Mixed in with reports about stagnant wages and the “evil rich” comes some evidence that consumers are still confident the economy is in a good place. In fact, the consumer confidence index climbed to 131.6 in January from 128.2 the month before.
Americans began 2020 with the most confidence in the economy since last summer, buoyed by an interim trade deal with China, a soaring stock market and the lowest unemployment rate in 50 years.
Confidence is high by historical standards, though not quite as strong as it was before the onset of U.S.-China trade tensions. The index hit an 18-year high of 137.9 in October 2018.-Market Watch
The share of Americans who said jobs were plentiful rose to 49% from 46.5%. The percentage who said jobs were hard to find fell to 11.6% from 13%. This also likely contributed to the higher spending and mass accumulation of debt among the American middle class. Generation Z is racking up debt pretty quickly, while by comparison, Millenials are trying to get out of debt after struggling to pay for their student loans – the debt that defined their era.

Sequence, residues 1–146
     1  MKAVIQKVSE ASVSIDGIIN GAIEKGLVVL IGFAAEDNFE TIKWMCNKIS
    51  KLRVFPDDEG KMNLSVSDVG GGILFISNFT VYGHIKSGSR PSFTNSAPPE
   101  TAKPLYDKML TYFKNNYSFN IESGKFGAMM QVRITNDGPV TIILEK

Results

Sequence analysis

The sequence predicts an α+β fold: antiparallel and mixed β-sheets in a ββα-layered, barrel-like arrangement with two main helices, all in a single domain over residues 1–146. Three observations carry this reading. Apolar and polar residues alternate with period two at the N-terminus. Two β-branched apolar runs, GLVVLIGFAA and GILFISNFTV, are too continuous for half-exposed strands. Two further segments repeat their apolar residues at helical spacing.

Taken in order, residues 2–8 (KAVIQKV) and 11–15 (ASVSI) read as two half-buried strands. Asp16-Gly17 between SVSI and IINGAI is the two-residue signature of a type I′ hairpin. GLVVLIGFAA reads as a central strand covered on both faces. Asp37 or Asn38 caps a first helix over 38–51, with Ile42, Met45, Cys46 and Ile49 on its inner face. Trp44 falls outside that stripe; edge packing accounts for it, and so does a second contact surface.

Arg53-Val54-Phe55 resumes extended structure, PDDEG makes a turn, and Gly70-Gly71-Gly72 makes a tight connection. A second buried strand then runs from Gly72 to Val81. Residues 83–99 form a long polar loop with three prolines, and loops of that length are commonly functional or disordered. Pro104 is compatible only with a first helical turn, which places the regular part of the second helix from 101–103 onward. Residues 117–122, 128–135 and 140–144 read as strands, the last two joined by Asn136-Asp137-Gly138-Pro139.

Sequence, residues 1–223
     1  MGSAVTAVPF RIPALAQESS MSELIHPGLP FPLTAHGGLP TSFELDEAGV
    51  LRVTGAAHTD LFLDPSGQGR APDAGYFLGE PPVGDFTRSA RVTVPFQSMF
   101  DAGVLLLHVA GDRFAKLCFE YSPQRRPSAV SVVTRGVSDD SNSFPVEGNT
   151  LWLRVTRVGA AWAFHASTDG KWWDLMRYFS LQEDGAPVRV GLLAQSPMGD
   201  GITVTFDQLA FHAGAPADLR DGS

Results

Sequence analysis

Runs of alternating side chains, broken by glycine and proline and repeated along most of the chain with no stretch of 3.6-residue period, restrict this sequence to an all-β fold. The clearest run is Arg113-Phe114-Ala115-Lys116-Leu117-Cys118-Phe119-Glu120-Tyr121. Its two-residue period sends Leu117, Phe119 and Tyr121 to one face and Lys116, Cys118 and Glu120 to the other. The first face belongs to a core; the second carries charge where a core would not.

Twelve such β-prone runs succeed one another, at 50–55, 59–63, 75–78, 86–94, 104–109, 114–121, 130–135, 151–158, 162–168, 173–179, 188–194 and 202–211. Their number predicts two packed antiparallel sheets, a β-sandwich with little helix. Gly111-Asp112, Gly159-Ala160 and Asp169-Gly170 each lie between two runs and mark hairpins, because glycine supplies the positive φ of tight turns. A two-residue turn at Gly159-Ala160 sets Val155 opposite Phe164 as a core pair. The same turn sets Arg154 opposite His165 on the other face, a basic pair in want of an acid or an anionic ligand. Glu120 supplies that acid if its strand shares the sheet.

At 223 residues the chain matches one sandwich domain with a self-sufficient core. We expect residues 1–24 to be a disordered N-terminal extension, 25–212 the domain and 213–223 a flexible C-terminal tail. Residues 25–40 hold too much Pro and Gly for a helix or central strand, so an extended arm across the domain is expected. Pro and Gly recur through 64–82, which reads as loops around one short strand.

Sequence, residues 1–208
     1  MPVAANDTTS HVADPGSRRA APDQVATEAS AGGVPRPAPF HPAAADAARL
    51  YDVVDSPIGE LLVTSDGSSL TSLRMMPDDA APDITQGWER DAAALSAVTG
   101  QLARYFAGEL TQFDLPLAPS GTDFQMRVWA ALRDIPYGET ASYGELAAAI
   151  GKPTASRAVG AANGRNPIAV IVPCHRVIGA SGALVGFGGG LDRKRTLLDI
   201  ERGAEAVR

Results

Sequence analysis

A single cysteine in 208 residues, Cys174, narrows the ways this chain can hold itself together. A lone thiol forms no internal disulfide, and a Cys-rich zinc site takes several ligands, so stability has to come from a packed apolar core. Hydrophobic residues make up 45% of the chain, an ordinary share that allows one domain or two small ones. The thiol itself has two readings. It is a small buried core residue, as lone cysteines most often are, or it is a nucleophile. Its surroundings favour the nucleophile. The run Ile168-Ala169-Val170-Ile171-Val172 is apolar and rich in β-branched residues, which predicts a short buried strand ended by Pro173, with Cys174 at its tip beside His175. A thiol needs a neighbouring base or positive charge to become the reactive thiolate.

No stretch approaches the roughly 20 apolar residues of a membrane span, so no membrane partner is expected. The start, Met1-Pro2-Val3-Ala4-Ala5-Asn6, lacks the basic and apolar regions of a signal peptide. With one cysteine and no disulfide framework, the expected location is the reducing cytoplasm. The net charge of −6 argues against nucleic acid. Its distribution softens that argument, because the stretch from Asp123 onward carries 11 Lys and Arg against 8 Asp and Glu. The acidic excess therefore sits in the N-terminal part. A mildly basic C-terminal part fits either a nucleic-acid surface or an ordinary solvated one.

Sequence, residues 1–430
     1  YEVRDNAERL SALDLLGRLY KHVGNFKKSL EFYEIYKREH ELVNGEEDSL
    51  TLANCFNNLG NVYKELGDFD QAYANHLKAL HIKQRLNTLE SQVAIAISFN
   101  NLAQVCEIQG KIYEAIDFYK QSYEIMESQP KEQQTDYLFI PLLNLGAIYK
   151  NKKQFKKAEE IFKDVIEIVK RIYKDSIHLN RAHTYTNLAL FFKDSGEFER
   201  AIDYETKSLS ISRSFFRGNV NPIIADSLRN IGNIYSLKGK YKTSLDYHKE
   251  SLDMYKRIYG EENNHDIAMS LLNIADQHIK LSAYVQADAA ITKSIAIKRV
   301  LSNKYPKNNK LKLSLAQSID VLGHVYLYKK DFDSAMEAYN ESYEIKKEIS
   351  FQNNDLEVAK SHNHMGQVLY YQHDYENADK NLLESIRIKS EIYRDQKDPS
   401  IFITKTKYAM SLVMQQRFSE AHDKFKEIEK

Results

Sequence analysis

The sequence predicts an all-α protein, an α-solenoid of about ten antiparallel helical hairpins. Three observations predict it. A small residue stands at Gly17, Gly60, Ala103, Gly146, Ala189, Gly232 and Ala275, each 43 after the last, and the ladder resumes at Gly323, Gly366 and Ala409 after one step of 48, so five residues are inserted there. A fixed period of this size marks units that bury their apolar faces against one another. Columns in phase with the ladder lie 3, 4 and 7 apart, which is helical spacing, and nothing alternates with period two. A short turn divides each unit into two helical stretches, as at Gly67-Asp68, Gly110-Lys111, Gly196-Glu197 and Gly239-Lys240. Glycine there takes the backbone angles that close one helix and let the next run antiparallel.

The optimism in the labor market will likely push consumer confidence even higher unless a major bubble pops in the meantime. No one knows when that will happen, only that all bubbles eventually pop and this one (the everything bubble) is no different.
Part of Generation Z’s problem is that they have failed to learn from the mistakes of Millenials. According to Crain’s Cleveland, Gen Z’s openness to debt could impact its accumulation of wealth, leaving many worse off than previous generations. Millennials know this well. Last year, they had 2.9% of the nation’s household wealth, Federal Reserve data show. Some 16 years earlier, similarly-aged Americans (Generation Y, those roughly between the ages of 23 and 38) had nearly double that share.